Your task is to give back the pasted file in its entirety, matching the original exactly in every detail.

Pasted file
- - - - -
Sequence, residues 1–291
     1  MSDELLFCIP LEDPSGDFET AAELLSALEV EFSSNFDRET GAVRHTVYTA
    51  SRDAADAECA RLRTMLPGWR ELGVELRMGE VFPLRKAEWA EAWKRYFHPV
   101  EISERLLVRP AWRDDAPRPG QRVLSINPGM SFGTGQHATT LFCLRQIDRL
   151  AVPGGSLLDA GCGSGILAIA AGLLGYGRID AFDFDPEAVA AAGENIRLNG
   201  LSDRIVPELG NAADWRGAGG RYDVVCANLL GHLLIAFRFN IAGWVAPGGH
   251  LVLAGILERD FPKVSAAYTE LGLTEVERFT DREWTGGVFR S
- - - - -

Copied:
Sequence, residues 1–291
     1  MSDELLFCIP LEDPSGDFET AAELLSALEV EFSSNFDRET GAVRHTVYTA
    51  SRDAADAECA RLRTMLPGWR ELGVELRMGE VFPLRKAEWA EAWKRYFHPV
   101  EISERLLVRP AWRDDAPRPG QRVLSINPGM SFGTGQHATT LFCLRQIDRL
   151  AVPGGSLLDA GCGSGILAIA AGLLGYGRID AFDFDPEAVA AAGENIRLNG
   201  LSDRIVPELG NAADWRGAGG RYDVVCANLL GHLLIAFRFN IAGWVAPGGH
   251  LVLAGILERD FPKVSAAYTE LGLTEVERFT DREWTGGVFR S